North American Aviation was successful in its bid to win the contract for the command/service module, which was headed by Harrison Storms. The relationship between North American Aviation and NASA was strained for a time, especially after the Apollo 1 fire that killed three astronauts. The fire was caused by a short circuit in the electrical wiring inside the command module, and the cause was complex, with the investigation team concluding that “there were problems with the design, manufacturing process and quality control of the command module.”
The lunar module on the surface of the moon.
The lunar module is the part that will be used for the actual lunar landing. To keep weight as low as possible, the lunar module has no heat shields, very little power, and can only fly on the lunar surface. The LEM is capable of carrying two astronauts and includes a landing section and a takeoff section. The latter uses the former as a launch platform at the completion of the lunar mission and docks with the command/service module after entering lunar orbit in preparation for return to Earth. The landing segment also contained the Apollo science experiment package, as well as the lunar rover for the final three missions.
Grumman Aerospace designed and built the lunar module, headed by Tom Kelly. The lunar module also had many problems; the entire Apollo program came close to not succeeding because of delays in its testing. Due to the slow progress of the lunar module, the first manned flight of the lunar module had to be postponed, making Apollo 8 and 9 interchangeable. Apollo 9 used the lunar module for the first time in Earth orbit, and Apollo 10 took the lunar module to lunar orbit (but not to the Moon), where the entire spacecraft was tested in detail in all its parts.
Map of the locations of the six lunar landings on Apollo 11, 12, 14, 15, 16, and 17
The Apollo program included 11 manned missions, from Apollo 7 through Apollo 17, all launched from Kennedy Space Center in Florida. Apollo 4 through Apollo 6 were unmanned test flights (officially no Apollo 2 or Apollo 3).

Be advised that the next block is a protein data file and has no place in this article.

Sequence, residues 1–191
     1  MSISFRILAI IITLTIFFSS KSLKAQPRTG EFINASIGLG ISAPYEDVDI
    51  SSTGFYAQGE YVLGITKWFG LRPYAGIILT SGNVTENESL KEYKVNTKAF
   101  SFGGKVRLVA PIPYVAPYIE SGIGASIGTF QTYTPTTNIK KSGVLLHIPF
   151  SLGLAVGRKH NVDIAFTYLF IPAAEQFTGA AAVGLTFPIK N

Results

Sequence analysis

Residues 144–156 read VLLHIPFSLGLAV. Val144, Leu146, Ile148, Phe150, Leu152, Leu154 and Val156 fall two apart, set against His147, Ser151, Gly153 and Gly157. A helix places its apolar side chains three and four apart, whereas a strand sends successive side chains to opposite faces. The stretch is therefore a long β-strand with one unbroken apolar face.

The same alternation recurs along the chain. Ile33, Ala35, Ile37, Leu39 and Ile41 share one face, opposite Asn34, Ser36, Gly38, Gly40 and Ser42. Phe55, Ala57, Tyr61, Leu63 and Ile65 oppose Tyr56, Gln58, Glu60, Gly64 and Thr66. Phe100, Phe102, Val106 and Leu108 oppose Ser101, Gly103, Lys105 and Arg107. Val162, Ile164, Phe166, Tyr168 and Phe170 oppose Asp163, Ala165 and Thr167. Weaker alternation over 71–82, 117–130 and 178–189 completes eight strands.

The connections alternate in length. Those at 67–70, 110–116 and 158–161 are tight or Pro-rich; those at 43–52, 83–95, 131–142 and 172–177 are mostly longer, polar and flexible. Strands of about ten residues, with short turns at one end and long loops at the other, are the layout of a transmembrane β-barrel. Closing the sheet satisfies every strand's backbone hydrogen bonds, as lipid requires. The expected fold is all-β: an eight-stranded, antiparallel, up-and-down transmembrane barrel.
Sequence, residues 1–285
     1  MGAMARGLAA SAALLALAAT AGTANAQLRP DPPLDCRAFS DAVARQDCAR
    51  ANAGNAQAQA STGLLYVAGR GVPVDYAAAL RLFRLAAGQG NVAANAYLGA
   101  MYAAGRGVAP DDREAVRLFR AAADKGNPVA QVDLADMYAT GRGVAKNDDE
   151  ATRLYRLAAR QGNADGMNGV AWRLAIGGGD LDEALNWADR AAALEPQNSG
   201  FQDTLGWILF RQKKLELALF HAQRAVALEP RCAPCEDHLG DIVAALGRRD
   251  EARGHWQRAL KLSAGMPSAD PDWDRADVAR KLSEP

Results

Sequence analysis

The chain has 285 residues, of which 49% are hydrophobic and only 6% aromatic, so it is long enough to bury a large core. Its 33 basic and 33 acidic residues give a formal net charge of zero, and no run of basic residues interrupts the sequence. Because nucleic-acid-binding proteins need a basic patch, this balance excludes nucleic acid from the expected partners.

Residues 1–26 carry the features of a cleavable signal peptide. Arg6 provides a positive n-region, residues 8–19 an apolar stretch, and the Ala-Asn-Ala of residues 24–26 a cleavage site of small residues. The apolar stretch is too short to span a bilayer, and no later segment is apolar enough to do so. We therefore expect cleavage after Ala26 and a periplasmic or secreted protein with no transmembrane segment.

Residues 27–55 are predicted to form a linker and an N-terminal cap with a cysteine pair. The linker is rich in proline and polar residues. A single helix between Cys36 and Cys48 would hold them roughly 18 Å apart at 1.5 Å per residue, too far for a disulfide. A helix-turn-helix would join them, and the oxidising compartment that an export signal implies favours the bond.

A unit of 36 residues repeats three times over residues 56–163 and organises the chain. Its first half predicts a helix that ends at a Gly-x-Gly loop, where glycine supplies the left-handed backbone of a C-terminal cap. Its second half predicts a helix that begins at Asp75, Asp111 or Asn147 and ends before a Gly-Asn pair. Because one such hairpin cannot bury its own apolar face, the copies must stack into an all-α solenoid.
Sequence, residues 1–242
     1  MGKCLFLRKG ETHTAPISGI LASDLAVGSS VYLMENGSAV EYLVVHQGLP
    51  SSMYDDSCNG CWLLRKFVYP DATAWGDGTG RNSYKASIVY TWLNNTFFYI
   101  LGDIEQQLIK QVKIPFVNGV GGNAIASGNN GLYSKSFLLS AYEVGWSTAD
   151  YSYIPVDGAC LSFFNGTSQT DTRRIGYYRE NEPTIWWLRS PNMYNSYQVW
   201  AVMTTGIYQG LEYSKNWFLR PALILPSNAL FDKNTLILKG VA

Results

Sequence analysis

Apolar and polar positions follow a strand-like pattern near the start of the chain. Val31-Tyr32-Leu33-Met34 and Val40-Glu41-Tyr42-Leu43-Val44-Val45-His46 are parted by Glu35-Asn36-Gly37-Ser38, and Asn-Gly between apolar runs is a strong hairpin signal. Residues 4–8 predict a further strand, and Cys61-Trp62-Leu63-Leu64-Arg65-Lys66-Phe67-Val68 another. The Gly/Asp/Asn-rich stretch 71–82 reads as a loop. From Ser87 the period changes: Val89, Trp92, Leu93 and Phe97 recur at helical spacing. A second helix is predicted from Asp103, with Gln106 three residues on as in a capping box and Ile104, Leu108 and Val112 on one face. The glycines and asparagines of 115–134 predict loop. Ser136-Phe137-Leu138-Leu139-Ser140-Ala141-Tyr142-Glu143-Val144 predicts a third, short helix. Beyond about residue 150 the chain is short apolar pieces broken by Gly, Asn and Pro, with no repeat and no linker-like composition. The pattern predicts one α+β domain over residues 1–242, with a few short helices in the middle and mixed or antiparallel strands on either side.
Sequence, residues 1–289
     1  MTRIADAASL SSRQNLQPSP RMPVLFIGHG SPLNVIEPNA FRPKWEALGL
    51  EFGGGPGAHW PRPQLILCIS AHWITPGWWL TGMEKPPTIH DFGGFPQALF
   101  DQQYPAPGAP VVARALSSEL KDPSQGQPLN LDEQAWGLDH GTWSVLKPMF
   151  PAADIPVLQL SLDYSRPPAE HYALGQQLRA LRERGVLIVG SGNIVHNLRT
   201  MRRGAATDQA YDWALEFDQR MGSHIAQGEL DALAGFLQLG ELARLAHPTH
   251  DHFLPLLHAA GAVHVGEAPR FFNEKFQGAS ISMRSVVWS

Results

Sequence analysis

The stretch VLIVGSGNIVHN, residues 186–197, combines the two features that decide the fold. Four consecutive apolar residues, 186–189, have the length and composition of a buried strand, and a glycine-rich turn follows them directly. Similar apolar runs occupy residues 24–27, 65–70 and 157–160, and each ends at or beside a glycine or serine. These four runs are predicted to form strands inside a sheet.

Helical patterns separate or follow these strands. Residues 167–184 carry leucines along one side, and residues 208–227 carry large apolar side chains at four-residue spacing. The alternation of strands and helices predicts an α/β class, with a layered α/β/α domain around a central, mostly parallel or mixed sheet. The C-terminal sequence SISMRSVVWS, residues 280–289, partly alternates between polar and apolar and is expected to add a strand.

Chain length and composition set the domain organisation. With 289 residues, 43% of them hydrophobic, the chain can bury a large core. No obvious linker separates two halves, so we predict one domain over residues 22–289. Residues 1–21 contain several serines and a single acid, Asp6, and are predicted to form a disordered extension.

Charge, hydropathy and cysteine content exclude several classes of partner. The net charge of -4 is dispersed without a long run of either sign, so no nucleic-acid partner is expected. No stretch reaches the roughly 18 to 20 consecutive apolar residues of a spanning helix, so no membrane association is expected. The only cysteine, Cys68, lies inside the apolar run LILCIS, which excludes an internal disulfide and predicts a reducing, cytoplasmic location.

In September 1967, the Manned Space Center in Houston proposed a series of missions to complete the moon landing. Seven mission types were proposed, each testing a specific spacecraft and mission; the execution of each mission type required the successful completion of the previous type. These mission types are
A – Unmanned Command/Service Module Test
B – Unmanned Lunar Module Testing
C – Manned NEO Command/Service Module flight
D – Manned NEO Command/Service Module and Lunar Module flights
E – Manned Command/Service Module and Lunar Module in elliptical orbit around Earth, apogee 7400 km
F – Manned Lunar Orbit Command/Service Module and Lunar Module flight
G – manned lunar landing
Later, mission H was added, where the lunar surface stay was lengthened; the final mission, J, involved a three-day stay of the lunar module on the lunar surface. The canceled Apollo 18 to 20 were all J missions.
The most distant scenario even included an I mission, with a significant proportion of scientific research. When budget cuts became a reality, those scientific research projects were put into the J missions.
Saturn V, carrying Apollo 11, was launched on July 16, 1969 at 13:32 UTC (9:32 a.m. EDT)
The following astronauts flew missions in the Apollo program.
From the Mercury program 7 people
Walter Schiera – Apollo 7
Alan Shepard – Apollo 14
From the second group of astronauts
Neil Armstrong – Apollo 11
Frank Borman – Apollo 8
Pete Conrad – Apollo 12